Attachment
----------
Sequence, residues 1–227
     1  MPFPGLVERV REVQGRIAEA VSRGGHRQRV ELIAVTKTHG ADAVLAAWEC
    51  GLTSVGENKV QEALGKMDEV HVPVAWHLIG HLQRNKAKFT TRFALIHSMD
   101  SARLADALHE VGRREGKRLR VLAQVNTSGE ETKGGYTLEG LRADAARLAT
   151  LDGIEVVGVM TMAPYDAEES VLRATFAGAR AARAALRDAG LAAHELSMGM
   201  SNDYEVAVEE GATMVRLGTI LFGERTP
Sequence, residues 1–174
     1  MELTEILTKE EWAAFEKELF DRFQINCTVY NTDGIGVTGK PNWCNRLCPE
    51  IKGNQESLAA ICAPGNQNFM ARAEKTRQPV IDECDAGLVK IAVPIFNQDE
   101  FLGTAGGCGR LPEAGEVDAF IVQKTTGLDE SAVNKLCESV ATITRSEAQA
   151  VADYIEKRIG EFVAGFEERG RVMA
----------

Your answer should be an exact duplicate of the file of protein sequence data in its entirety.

Sequence, residues 1–227
     1  MPFPGLVERV REVQGRIAEA VSRGGHRQRV ELIAVTKTHG ADAVLAAWEC
    51  GLTSVGENKV QEALGKMDEV HVPVAWHLIG HLQRNKAKFT TRFALIHSMD
   101  SARLADALHE VGRREGKRLR VLAQVNTSGE ETKGGYTLEG LRADAARLAT
   151  LDGIEVVGVM TMAPYDAEES VLRATFAGAR AARAALRDAG LAAHELSMGM
   201  SNDYEVAVEE GATMVRLGTI LFGERTP
Sequence, residues 1–174
     1  MELTEILTKE EWAAFEKELF DRFQINCTVY NTDGIGVTGK PNWCNRLCPE
    51  IKGNQESLAA ICAPGNQNFM ARAEKTRQPV IDECDAGLVK IAVPIFNQDE
   101  FLGTAGGCGR LPEAGEVDAF IVQKTTGLDE SAVNKLCESV ATITRSEAQA
   151  VADYIEKRIG EFVAGFEERG RVMA